Recently there has been an exceptional increase in research regarding mushrooms and their influence on our health.
Mushrooms are in fact not a plant and actually belong the biological group known as fungi.
This many of us know. But what you may not know is that mushrooms have their own immune system, and they’re more closely related in DNA to humans than to plants!! Due to their own separate biological kingdom, it’s not shocking that mushrooms have unique physiological actions in health.
So far many animal studies are showing extremely promising results. Eating white button mushrooms improves the function of Natural Killer (NK) Cells and other immune responses (in mice studies). Other studies have also shown mushroom extracts to decrease inflammation, rectify dysbiosis (overgrowth of harmful gut bacteria), fight infection, and even boost our natural cancer fighting immune responses.
Human studies have also been equally as exciting. Mushrooms have been shown to increase our production of salivary Immunoglobulin A (IgA) in healthy humans. This is important because IgA is an antibody that plays a critical role in immune function.
Due to the findings showing mushrooms therapeutic effects of mushrooms as an enhancement of natural immunity, researchers are now looking into the use of mushroom extracts in cancer research.
Mushrooms stole the spotlight recently in cancer research when multiple international studies linked women who eat mushrooms to a 50-60% lower risk of breast cancer compared to those with no mushrooms in their diet. An Australian study showed that women who ate only 10g of mushrooms each day had a 65% lower risk of breast cancer – that’s only half a button mushroom!
Although it’s not clear exactly how mushrooms lower the risk of breast cancer, it’s believed that compounds they contain suppress the enzyme called aromatase, which has been shown to increase the proliferation of breast cancer. This enzyme converts the hormone androgen into estrogen, which promotes breast cancer development, especially in postmenopausal women.
This funny word is the reason we love mushrooms, it is their rich savoury flavour that comes mainly from their natural free glutamates. Glutamate is an amino acid, and we have glutamate receptors in our stomach and intestines. There is new research that showsthese receptors may be helping to control hunger and help us avoid overeating. Eating foods high in glutamate gives us a sense of “healthy satisfaction” and will therefore make us less likely to over eat.
Not only are mushrooms low in kilojoules, they also help to reduce our total food consumption by manipulating our appetite. In controlled studies measuring satiety in meals where meat was replaced with mushrooms, participants reported feeling much fuller and more satisfied with the mushroom meals, even though it had 100 fewer calories than its meat alternative. In total those eating the mushroom dishes ate a total of 379 fewer calories each day over four days.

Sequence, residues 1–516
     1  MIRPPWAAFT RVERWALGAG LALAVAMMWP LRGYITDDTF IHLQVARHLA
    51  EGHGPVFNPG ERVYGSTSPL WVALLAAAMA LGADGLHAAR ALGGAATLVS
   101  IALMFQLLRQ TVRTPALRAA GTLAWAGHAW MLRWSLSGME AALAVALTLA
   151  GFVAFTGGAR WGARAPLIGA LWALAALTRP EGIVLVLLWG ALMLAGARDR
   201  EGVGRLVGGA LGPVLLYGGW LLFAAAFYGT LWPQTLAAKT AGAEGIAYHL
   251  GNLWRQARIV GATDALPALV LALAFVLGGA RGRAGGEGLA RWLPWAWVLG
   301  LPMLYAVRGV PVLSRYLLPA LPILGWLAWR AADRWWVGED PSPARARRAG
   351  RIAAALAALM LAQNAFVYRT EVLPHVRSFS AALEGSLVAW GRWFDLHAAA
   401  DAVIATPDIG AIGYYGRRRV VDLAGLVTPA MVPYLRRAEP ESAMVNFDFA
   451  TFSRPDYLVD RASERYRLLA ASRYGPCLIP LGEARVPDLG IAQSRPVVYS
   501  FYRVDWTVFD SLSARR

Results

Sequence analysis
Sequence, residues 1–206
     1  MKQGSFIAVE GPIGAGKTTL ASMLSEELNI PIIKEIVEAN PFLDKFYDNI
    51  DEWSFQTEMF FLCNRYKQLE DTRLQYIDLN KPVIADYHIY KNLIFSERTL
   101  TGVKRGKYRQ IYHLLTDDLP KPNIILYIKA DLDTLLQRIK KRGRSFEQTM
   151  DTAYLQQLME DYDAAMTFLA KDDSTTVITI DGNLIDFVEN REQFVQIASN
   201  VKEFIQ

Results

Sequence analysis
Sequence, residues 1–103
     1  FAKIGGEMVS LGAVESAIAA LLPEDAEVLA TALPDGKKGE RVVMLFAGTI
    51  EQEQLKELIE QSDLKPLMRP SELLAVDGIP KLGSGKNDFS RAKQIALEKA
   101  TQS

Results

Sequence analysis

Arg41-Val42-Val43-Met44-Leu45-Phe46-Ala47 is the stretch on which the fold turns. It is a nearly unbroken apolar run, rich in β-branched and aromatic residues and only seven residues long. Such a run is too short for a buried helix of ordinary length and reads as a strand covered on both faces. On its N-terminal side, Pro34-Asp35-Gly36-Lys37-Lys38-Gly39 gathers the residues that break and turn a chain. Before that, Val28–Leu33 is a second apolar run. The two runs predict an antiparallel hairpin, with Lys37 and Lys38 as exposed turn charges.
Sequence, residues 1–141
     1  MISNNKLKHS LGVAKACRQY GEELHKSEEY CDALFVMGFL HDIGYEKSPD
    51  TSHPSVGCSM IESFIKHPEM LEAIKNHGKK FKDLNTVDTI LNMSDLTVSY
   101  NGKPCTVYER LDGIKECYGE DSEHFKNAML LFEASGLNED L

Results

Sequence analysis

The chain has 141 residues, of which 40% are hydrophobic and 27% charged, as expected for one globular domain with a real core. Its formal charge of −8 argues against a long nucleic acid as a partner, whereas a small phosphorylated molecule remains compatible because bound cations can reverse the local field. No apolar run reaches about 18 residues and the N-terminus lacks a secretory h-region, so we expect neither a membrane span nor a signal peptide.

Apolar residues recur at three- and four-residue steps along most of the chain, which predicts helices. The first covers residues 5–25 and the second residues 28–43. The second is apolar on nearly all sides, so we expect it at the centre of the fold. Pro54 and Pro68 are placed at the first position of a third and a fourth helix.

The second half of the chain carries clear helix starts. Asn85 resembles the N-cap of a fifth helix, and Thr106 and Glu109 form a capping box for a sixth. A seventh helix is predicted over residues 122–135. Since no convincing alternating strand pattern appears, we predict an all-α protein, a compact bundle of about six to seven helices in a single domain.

A follow-on study showed that those who regularly ate mushrooms had a significant reduction in their waist measurements. In this study a portion of each dinnertime meal was replaced with mushrooms. After a year the mushroom consumers lost an average of 7cm around their waist – that’s about three belt holes! And in contrast, the control group had a wider waist circumference. Mushrooms eaters also on average had about 120 fewer daily calories, which backs up results shown in the first study.
The form of fibre that is found in mushrooms is mostly chitins and glucans. It is looking as if glucans in mushrooms may act in a similar way to statins to lower cholesterol. Research has shown mushrooms inhibiting the same enzyme that is targeted by this common medication. Other research is also suggesting that glucans in mushrooms help to lower both blood cholesterol and blood glucose. Talk about an excellent example of ‘food as medicine’!
Research on the ability of mushrooms to reduce disease risk is looking very promising, specifically breast cancer risk, lowering blood lipids & blood sugar, and making meals more satisfying and decreasing likelihood of overeating.
This high protein nutrient dense veggie really is a super food!
Immunity Boosting: Studies show that mushrooms enhance our natural immunity response. They are also one of the highest antioxidant foods on the market.
Cancer Protective: Mushrooms contain compounds (glucans) that are linked to lowering the risk of a range of cancers, specifically breast cancer) Eating only one button mushroom daily can half your risk of developing breast cancer. Due to promising new research, scientists are putting a big focus on mushroom extracts to further examine their anti-cancer abilities.
Low GI: So they help to keep blood sugar nice and stable.
High in Vitamin D: Mushrooms that have been exposed to sunlight therefore generate this vitamin in the same process that we do when we spend time in the sun. Only one serving of mushrooms gives you all of your daily vitamin D requirements.
Blood Pressure Regulating: Due to its high potassium and low sodium content.
Perfect for Weight Control: Low in kilojoules & contain very little carbohydrates. Research also shows mushrooms help appetite control by filling you up quicker and encouraging you to eat less during the day.
Cholesterol Lowering: Umami, a fibre present in mushrooms can lower cholesterol in a similar way to statin medications.